In June, the first draft was distributed to all organizations concerned to present their opinions and suggestions, and the latter were collected at the Secretariat of the Initiative. Additional talks and consultations with experts from non-profit organizations and state institutions, as well as with practicing jurists, were conducted. The opinions, suggestions, recommendations, and remarks collected were duly considered and integrated in a revised version of the Program with specific goals and detailed steps for the completion of the judicial reform.

Stage three: The Public debate

A broad discussion on the draft PJR was held at CSD on July 1. Over 40 participants attended the Policy Workshop: experts, and representatives of Bulgarian, foreign and international institutions. The importance of the mechanisms for cooperation between the JRI as a non-governmental initiative, and governmental institutions was highlighted by Ms. Ekaterina Mihailova, Deputy Chair of the Parliamentary Anti-Corruption Committee. The discussion focused on training of magistrates, enhancing the efficiency of the court administration, and improving of the legal framework of reform. Mr. Claes Eklundh, Chief Parliamentary Ombudsman of Sweden, was a special guest at the Policy Workshop. Mr. Eklundh presented the role of the ombudsman in controlling public administration and in protecting civil rights and freedoms, and focused on its potential to exercise out-of-court control in the new democracies.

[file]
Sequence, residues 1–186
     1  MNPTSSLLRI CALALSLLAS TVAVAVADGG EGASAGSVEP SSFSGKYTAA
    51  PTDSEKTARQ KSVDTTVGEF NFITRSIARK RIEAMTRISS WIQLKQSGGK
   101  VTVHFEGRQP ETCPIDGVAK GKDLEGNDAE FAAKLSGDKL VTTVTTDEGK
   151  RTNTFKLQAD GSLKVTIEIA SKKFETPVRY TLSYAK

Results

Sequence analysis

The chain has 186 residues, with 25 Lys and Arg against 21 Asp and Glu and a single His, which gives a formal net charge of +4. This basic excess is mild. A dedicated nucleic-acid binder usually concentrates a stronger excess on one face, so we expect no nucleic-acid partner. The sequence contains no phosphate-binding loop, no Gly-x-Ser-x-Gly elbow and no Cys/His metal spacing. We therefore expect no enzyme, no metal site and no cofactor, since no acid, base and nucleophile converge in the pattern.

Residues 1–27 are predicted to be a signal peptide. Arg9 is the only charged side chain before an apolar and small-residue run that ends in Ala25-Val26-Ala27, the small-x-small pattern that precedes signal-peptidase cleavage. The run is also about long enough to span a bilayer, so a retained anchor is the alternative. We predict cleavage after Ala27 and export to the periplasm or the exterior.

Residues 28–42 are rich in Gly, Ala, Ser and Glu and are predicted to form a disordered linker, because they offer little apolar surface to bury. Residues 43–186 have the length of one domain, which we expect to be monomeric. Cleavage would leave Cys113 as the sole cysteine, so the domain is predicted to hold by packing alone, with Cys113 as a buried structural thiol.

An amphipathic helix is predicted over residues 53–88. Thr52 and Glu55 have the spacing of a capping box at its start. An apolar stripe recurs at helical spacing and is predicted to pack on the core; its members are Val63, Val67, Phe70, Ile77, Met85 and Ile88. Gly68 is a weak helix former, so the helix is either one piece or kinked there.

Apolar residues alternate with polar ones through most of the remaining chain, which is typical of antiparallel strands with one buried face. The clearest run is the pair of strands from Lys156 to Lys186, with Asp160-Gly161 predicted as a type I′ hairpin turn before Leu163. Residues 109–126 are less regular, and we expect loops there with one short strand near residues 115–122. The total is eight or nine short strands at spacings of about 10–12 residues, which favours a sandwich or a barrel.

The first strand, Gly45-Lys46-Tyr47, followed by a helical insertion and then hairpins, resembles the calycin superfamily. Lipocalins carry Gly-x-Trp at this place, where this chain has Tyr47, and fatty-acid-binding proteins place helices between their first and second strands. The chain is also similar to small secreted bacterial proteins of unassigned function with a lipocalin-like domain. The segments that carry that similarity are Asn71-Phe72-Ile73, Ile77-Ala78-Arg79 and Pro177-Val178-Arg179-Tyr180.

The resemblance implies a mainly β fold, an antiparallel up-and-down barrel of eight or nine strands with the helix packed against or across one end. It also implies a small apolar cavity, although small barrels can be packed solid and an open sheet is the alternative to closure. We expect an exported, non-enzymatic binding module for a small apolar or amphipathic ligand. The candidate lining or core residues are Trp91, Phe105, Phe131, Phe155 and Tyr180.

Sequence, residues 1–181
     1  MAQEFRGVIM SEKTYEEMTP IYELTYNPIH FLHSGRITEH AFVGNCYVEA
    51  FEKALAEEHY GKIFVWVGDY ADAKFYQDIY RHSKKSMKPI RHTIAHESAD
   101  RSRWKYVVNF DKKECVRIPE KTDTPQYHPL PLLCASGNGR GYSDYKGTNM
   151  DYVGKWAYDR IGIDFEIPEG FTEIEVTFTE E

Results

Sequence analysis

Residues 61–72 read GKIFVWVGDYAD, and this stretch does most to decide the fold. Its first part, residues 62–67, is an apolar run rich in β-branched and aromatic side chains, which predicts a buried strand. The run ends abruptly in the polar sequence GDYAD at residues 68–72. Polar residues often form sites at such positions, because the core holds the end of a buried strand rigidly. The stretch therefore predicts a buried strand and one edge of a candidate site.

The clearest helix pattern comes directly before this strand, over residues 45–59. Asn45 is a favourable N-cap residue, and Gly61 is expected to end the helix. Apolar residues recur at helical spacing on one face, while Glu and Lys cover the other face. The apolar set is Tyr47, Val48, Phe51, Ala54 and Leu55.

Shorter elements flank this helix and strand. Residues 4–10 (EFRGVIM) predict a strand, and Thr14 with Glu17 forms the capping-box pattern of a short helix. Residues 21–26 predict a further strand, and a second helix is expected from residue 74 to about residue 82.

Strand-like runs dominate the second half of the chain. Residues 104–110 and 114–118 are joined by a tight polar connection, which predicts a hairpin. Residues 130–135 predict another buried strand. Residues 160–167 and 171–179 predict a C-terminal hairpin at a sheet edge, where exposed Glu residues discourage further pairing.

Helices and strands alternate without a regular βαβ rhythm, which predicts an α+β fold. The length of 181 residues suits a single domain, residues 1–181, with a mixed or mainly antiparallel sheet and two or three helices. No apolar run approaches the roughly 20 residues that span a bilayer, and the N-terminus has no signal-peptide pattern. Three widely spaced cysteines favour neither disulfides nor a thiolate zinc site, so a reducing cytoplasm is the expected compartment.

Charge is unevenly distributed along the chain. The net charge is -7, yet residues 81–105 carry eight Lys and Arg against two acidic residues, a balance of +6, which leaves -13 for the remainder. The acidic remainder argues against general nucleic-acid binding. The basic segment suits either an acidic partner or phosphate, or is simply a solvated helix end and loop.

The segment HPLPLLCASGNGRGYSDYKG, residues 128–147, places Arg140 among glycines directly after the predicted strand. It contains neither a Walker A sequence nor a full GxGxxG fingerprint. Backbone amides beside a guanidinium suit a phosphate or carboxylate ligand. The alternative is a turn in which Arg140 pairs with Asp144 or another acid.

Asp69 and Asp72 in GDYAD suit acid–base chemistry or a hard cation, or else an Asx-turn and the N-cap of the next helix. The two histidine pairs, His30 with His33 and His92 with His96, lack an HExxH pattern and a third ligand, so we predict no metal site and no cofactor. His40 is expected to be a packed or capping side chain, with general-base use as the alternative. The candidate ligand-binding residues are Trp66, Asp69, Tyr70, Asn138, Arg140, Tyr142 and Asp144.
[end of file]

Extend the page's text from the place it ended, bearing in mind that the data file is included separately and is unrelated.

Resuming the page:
The draft PJR was then published in 1000 copies and distributed to professional associations, state institutions, the media, experts with the aim of soliciting their opinion and specific proposals for amendments. Copies were also sent to the representatives of foreign agencies and international organizations in Bulgaria.

A web page of the Judicial Reform Initiative was developed by the Law Program, which also includes links to information about the Initiative’s founding organizations.

Stage four: Towards a final version of the PJR

Two reform priorities emerged as a result of the discussions: training of magistrates and court administration reform. The text of the PJR was accordingly revised, in particular with the assistance of World Bank experts, which set the Initiative on the road of preparing its first Policy Forum. JRI started preparation for the Forum at which the Program for Judicial Reform in Bulgaria will be presented for endorsement. The Forum is scheduled for the first half of 2000. Following its endorsement, the PJR will be widely distributed as a basis for future concrete steps along its action lines.